By Jessica Buckingham and Amanda Hitchcock
Bedford, NH Office
Cyclopterus lumpus: say it out loud; it’s kind of fun. We’ve chosen the humble Lumpfish (aka Lumpsucker) as our featured fish—continuing with our “ugdorable” theme. (See the last ugdorable featured fish article on the Northern Stargazer.)
Ok, so why the name Lumpsucker? Well, it is kind of literal. This little beauty has a number of features that make it so distinctive and earn it the name. Maybe we should say big beauty because our local Lumpsucker is the biggest of the bunch with females growing to 55 cm (the largest recorded was 21 pounds). Other members of this family like the Pacific Spiny Lumpsucker (Eumicrotremus orbis) only grow to be 2.5 cm. The “sucker” part of its name comes from the modified pectoral fins that really do make a little suction cup on its belly. They use this cup to stick to things—rocks, seaweed, algae, each other, and anything else nearby when their fat little bodies need a rest. And they are fat; all those lumps and bumps on their bodies are created by layers of fat under their skin. As you can imagine, they aren’t really great at swimming around and tend to rest on surfaces during the day, like a lump. I guess you can take your pick on where the lump part of the name comes from (so many options).
Lumpfish don’t have a swimbladder, so they don’t have to deal with unwanted buoyancy (a plus when you want to spend your time on the bottom of the ocean). Recent research with Lumpfish trackers (hey, it’s a thing) indicate they like to spend their time up in the water column at night when they are adults (after they have grown out of some of that baby fat).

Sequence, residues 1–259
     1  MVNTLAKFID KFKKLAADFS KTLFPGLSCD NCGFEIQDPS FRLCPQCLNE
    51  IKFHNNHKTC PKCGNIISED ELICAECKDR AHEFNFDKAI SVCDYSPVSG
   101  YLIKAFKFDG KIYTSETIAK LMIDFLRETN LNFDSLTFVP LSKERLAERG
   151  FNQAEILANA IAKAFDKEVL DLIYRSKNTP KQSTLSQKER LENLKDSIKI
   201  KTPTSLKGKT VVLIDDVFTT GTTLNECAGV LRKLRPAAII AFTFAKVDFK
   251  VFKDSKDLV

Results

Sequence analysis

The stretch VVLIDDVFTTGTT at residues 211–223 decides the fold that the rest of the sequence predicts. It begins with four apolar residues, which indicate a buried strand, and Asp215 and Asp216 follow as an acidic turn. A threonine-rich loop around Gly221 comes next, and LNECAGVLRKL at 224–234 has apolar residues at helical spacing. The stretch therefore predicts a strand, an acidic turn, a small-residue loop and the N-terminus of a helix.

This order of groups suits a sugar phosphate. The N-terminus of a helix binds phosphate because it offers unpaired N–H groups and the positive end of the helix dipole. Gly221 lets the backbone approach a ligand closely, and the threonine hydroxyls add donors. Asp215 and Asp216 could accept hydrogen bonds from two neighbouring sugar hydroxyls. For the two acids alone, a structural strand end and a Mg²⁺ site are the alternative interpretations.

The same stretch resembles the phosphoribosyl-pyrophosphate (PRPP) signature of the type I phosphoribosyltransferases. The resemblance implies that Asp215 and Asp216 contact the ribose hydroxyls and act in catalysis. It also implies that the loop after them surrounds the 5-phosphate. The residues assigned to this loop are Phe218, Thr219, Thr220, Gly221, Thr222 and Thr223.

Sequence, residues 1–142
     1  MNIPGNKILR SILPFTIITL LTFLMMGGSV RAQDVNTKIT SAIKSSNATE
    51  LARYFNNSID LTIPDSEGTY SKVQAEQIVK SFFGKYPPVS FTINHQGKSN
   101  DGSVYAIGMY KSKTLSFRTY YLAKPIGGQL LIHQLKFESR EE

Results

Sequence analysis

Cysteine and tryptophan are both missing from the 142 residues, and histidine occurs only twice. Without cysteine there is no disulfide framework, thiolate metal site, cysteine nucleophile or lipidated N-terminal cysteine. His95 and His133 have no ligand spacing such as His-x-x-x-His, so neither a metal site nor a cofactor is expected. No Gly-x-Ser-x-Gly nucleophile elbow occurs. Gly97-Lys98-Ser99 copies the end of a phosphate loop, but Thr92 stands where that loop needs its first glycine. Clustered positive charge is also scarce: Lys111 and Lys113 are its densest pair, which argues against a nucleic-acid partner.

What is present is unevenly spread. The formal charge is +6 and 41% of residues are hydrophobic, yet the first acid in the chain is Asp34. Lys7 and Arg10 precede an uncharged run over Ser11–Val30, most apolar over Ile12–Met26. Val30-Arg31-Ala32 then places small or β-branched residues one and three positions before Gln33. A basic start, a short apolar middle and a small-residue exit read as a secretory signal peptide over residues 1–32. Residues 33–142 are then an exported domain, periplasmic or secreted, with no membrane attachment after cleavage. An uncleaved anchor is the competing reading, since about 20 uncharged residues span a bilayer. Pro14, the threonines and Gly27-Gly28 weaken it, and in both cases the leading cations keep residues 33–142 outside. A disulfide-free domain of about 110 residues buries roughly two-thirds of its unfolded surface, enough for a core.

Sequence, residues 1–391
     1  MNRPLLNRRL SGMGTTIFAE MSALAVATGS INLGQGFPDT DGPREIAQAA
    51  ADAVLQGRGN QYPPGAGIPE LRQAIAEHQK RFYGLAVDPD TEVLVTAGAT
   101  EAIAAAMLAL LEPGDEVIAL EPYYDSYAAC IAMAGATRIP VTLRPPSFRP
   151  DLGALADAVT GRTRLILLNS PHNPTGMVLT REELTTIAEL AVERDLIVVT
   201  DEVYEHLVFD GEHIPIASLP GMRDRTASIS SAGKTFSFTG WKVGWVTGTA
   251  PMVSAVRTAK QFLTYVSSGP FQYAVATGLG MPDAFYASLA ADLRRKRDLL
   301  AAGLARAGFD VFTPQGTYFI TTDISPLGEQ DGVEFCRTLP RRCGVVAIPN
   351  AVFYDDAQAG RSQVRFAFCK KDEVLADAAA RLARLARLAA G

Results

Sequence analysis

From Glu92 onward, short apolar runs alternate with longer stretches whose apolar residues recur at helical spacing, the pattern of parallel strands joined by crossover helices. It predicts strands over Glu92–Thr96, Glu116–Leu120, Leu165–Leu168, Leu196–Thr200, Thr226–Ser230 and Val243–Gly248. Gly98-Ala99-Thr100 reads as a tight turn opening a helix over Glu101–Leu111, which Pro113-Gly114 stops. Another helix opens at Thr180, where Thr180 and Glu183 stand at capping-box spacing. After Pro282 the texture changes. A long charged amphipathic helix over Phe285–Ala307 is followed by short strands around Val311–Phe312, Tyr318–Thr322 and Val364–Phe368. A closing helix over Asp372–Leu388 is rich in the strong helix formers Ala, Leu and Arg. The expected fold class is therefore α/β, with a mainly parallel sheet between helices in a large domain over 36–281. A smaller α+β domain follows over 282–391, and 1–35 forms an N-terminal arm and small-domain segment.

Lumpfish are a commercial fish in places like Iceland and Greenland where their meat is eaten and their eggs are used as a cheap version of caviar. Some Salmon farms are also using them as cleaner fish because they will eat parasites off of other fish.
Our local Lumpfish (Cyclopterus lumpus) are large and dull gray (most of the time). However, when males are in the mood to get frisky, they put on their party outfit and hit the town. Males turn a bright orange when they are ready to breed. (Other Lumpfish species like the Balloon Lumpfish come in red and yellow.) Males build a swanky pad (nest) and entice females over to lay their eggs. Once eggs are laid, the male guards them and fans them with water to keep them oxygenated. This is a really handy time to have a suction cup because he can plant himself right next to the eggs—sort of like a dad in his easy chair in front of a football game—and not much is going to budge him.
Very few of the fish we encounter in our projects come with suction cups (though there are a couple), which makes this fish easy to identify. And while Lumpfish are not much of a concern for our clients (they aren’t endangered, good for eating, or good for angling in the United States), they are still a species of interest to us.